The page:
low altitude fliers."
Slaving pictures of aviators under
going the tests were shown. As they
breathed less and less oxygen as tho
ulr was exhausted tho candidates'
fiction grow lesa and less certain nnd
Hiowfr. A peculiar fact In connection
r It i tn. vacuum chnmljer teats Ih thnt
''ie vi'iject never knows his actions
ura becoming tnore nnd moro uncer
( .1' Tho surgeons conducting tho
uro obliged to work with oxygen
t '.boa In their mouths so that they
J .a, not Buccumb to tho samo uncer
tainty in recording tho results. At
ie samo time the tests ore be'.ng
siiade the blood pressure of tho man at
altitudes" up to 25,000 feet aro re
railed An expert also listens through
stethoscope to heart and lungs.
new addition to tho medical pro-
uary. 1916, where Mrs. Wilson made
her first appearanco as tho President's
bride was actually the first White
House affair she ever had attended.
Look at thoso to whom she has had
to play hostess since then. There has
been no time In the history of tho
country when there has been such i
constant und brilliant succession of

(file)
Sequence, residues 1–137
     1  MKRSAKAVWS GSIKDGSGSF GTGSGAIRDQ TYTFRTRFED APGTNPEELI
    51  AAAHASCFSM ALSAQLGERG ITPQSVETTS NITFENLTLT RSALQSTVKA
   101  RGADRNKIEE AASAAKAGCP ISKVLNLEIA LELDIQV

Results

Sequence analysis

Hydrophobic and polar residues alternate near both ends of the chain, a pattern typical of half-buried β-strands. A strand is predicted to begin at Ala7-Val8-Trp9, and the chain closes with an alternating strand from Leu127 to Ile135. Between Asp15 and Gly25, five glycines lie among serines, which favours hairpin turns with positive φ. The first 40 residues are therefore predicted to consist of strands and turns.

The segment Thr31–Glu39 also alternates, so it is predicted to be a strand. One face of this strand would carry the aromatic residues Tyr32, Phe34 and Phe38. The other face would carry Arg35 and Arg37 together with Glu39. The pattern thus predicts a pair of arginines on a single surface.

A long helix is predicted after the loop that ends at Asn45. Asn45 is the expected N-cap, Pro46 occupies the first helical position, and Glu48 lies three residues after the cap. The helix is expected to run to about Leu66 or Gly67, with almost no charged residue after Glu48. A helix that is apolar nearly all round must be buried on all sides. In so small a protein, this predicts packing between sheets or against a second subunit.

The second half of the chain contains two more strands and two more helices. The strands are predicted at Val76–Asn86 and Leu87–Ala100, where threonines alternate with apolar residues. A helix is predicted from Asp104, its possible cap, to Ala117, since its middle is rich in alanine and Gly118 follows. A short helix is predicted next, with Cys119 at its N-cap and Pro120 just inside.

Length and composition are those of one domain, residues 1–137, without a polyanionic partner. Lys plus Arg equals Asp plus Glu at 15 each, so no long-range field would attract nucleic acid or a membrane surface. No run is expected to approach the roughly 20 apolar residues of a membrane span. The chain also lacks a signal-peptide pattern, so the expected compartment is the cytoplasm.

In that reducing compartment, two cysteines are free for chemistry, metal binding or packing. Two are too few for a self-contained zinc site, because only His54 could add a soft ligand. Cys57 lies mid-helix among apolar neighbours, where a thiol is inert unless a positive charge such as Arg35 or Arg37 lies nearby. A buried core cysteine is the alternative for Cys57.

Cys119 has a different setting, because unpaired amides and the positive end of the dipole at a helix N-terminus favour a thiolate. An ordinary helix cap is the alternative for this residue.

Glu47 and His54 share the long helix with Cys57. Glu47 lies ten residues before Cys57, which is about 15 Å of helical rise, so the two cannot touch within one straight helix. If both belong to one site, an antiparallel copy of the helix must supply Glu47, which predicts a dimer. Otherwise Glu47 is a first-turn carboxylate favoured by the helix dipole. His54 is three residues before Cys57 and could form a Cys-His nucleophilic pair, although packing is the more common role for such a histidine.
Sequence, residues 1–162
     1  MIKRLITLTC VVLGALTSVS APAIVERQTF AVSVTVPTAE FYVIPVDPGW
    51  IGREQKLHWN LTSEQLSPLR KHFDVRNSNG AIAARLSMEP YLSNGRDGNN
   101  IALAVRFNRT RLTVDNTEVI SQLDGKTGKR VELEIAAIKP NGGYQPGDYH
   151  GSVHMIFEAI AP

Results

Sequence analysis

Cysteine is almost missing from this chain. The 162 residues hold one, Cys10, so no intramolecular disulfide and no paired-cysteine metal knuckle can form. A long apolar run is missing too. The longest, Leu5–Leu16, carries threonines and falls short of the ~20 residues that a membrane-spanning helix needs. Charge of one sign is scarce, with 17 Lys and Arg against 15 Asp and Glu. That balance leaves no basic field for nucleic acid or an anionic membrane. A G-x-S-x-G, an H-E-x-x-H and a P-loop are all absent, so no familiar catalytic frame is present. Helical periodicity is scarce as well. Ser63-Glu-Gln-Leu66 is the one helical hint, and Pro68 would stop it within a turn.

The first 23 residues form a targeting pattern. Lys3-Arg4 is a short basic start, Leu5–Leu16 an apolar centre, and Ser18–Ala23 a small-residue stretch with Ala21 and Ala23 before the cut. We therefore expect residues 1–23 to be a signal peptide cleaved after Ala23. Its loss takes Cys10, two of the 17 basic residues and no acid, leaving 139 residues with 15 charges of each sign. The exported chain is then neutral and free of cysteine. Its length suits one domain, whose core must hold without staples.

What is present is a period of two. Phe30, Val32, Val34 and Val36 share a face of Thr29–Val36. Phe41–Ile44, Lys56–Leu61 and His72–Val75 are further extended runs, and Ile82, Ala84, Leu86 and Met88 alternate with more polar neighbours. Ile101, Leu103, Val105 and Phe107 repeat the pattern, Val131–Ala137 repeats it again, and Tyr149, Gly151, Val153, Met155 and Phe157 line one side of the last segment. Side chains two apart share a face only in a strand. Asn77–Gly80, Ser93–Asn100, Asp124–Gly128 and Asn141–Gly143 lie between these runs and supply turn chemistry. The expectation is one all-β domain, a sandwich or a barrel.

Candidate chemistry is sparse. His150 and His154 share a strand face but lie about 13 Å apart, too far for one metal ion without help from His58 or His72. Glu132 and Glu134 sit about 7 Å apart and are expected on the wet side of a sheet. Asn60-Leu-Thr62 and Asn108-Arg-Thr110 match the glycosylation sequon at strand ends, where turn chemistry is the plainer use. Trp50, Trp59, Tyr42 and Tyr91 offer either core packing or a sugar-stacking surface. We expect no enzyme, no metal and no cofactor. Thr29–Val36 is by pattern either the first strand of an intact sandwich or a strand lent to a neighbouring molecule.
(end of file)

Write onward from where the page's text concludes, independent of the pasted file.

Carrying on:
notables from all over the world pass
ing through Washington as In the last
two years. Why thern are lots of us
here who have fairly hugged ourselves
fesslon Is the "flight surgeon-." This'
specialist, the highest type of medical
man connected with tho air service, Is
charged with the maintenance of the
physical efficiency of the aviators. It
Is his duty to observe constantly and
under all conditions tho aviators In
his section, not only 6it tho field but
In barracks, at mess and during recre
ation. "Tho flight surgeon must detect the
beginning of physical deterioration of
the aviator." Lleut.-Col. Lewis said.
"Deterioration among high altitude
pilots Is particularly rapid and must
be watched for with the greatest care.
As soon as any sign Is noted it is the '
duty of the surgeon to take tho man
out of flying for a day or a week and
put him through a course of training
which will restore his efficiency and
prevent that dangerous fatigue known
as stalrness, The flight surgeon has
as his assistants men skilled in physi
cal training and nutrition officers who
look after the nourishment of the
Hnve DUcorerrd nil i:iuhtli SiMiar.
Major Lewis Fisher, nlso attached to
tho Mlneola research laboratory, de
scribed to tho physicians tho mysteri